Ahead of 50th anniversary celebrations of the Lotus 49 and Cosworth DFV tie-up at the forthcoming Festival of Speed presented by Mastercard, we’ve charted the combination’s fluctuations in form, with Jim Clark and Graham Hill, during the second half of the 1967 Formula 1 season.
JUN 15th 2017
Lotus 49 and Cosworth DFV: delight and drama in 1967
He had seen the car in photographs only and his designated chassis had yet to turn a wheel. This was to be a new beginning in every sense.
Two-time world champion Jim Clark was rediscovering life as a tax exile in Paris and Bermuda. Being forced to leave his beloved Borders had been a wrench. Initially. Now, however, he was warming to his new status and surroundings and there existed a subtle distance heretofore absent from his relationship with Lotus’ mercurial founder Colin Chapman. And although he was looking forward to the 3-litre Type 49, thrilled by its neat looks and harsh V8 sound, he was wary of it: twice as powerful, just as fragile.
He began cautiously in the first of three practice sessions at Holland’s Zandvoort on Friday June 2nd. While team-mate Graham Hill, who had conducted what little testing there’d been, fussed over pedal set-up, Clark drove chassis 49/R2 as it had arrived. New gearbox fitted during lunch – the ZF unit was incapable of quick changes of ratio – he improved in the second session, from eighth to fifth, two-tenths faster than Hill.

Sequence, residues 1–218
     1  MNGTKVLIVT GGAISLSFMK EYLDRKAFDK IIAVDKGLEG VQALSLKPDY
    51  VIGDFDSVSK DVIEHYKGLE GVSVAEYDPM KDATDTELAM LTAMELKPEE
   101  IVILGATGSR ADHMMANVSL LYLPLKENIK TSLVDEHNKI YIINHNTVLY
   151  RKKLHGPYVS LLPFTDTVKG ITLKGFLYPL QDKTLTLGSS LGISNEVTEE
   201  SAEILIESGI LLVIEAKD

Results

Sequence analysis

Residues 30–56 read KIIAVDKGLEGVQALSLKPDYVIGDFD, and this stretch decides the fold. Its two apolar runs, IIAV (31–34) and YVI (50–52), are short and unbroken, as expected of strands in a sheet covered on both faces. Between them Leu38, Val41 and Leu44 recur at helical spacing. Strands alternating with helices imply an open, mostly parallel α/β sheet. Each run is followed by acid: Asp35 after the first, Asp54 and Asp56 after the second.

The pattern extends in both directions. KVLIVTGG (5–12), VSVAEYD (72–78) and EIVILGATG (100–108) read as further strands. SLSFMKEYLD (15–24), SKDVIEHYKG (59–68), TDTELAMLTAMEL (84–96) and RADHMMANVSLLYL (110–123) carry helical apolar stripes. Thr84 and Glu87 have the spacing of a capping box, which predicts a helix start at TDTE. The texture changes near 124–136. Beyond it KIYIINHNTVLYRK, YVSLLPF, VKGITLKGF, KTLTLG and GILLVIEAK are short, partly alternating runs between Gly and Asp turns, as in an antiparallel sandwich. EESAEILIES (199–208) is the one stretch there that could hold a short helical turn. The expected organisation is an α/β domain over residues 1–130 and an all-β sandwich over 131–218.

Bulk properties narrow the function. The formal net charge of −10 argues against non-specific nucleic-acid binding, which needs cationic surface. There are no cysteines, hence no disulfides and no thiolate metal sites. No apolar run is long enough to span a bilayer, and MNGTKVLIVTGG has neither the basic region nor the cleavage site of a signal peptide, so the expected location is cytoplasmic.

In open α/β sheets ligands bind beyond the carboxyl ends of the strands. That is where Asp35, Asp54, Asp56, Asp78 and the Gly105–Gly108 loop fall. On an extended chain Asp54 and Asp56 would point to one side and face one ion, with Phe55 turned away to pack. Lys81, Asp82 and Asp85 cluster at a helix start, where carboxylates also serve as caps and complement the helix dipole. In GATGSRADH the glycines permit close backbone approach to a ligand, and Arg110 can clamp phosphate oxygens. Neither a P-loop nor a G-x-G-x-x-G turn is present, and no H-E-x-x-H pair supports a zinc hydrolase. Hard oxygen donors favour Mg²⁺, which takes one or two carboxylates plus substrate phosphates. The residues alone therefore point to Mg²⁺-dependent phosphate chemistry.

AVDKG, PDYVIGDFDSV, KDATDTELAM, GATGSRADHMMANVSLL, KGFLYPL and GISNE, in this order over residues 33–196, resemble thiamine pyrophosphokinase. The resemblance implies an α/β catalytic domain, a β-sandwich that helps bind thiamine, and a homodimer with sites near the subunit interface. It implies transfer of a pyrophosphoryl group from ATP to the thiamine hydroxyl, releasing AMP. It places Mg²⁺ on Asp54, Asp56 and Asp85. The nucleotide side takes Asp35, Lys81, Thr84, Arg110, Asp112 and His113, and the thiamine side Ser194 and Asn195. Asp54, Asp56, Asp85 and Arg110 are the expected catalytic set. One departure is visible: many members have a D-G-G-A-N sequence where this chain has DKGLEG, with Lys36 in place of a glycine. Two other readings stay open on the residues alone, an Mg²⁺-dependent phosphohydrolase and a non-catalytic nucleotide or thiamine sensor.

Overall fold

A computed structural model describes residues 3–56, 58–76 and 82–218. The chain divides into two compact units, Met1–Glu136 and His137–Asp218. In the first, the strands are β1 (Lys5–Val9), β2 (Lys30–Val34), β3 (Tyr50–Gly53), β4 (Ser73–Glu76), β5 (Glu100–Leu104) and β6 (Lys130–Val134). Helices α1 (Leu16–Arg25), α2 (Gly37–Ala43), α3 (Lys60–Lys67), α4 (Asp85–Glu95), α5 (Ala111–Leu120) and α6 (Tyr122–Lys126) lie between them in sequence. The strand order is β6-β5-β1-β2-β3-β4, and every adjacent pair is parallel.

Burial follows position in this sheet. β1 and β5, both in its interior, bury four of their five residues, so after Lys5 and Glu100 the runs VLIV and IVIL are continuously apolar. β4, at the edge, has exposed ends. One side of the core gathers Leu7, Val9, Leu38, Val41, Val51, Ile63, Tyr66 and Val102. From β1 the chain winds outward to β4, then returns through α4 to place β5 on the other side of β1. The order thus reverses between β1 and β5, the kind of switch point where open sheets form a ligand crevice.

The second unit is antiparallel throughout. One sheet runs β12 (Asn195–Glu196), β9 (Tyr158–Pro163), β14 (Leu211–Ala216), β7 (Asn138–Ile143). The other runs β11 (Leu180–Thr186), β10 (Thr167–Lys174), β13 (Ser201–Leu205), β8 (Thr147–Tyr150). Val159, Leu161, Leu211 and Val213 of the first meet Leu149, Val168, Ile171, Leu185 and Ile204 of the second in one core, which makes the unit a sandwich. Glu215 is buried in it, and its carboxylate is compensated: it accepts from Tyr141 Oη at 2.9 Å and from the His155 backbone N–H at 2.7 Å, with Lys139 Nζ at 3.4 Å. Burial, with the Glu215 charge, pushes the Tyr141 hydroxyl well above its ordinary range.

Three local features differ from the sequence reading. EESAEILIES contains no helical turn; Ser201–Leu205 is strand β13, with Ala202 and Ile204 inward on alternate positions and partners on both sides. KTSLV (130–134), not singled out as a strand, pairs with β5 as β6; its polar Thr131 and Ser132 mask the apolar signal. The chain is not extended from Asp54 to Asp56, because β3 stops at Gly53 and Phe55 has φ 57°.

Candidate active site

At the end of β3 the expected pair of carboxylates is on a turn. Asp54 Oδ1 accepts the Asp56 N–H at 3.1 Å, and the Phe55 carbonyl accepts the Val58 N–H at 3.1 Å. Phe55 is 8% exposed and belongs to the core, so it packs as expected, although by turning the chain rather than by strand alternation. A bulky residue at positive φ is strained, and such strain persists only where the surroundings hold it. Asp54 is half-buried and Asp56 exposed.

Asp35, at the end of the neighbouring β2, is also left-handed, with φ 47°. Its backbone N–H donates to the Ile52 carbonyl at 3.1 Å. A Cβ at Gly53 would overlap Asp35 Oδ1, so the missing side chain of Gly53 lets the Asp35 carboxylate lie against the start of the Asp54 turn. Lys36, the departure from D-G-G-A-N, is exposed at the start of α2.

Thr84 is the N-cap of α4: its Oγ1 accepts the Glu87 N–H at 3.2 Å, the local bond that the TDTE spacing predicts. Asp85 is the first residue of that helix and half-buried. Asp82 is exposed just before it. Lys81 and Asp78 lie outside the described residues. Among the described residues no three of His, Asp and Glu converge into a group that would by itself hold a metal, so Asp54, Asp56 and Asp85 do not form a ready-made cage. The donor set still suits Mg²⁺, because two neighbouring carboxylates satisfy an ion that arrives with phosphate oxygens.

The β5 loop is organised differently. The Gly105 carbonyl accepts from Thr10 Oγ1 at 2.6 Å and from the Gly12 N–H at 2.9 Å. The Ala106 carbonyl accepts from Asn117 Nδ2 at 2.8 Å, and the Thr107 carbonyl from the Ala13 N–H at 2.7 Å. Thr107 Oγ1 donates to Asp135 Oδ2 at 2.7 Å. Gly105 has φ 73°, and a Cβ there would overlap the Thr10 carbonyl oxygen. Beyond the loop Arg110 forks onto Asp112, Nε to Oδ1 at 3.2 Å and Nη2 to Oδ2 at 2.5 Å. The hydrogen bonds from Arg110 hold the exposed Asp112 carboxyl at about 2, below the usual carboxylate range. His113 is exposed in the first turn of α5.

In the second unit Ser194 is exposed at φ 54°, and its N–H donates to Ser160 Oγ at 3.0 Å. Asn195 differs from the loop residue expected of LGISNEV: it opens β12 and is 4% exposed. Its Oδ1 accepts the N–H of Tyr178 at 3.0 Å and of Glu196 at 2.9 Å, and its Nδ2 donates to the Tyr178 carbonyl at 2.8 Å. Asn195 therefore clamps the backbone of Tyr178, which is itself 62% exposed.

But something didn’t feel right: a shimmy that he might have shrugged off in the days of 1.5-litre Formula 1. But not today. Nor tomorrow. Problem undetected, it recurred on Saturday afternoon and he refused to go out until it had been discovered – a collapsed ball-race had split the right-rear hub carrier – and rectified. Much delayed, therefore, he would start from the outside of the third row. Handily, his sensitivity was matched by his speed.
And Hill, fastest on both days, had proved the speed of the new Lotus and its Cosworth DFV. He had seen off Dan Gurney’s new lightweight Eagle-Weslake V12 and reigning champion Jack Brabham, whose 1965 ‘Old Nail’ chassis was fitted with the latest Repco V8. In-house BRM’s new ‘lightweight’ H16, meanwhile, was discouragingly slow. According to its disaffected driver Jackie Stewart, “it carried more fuel, oil and water than the Queen Mary.” The Lotus-Cosworth synthesis, in contrast, had paid fanatical attention to saving weight, improving mpg and reducing tyre wear. Theirs was the whole package, albeit as yet unproven over a Grand Prix distance and hampered by a jagged power delivery that caused Clark and Hill several pauses for reflection. And with neither a spare 49 nor spare DFV on site, Team Lotus was treading a fine line. Ford of Britain’s Walter Hayes and Harley Copp, fundamental to Ford’s £100,000 investment in DFV, felt it wise to keep a low profile.
Sure enough, Hill burst into the lead and held it at 2 seconds until his engine failed on lap 11. He coasted – pushing the last few yards – into the pits, where he gave DFV’s designer Keith Duckworth a consoling hug. It had been good while it lasted. Clark’s caution, meanwhile, had continued, his car featuring different springs and unscrubbed Firestones at the rear. His usual MO was to make a clean break and leave the chaos to others. Today, however, was different (although some observers had him almost level with the second row when the flag dropped). This time, car and race would come to him.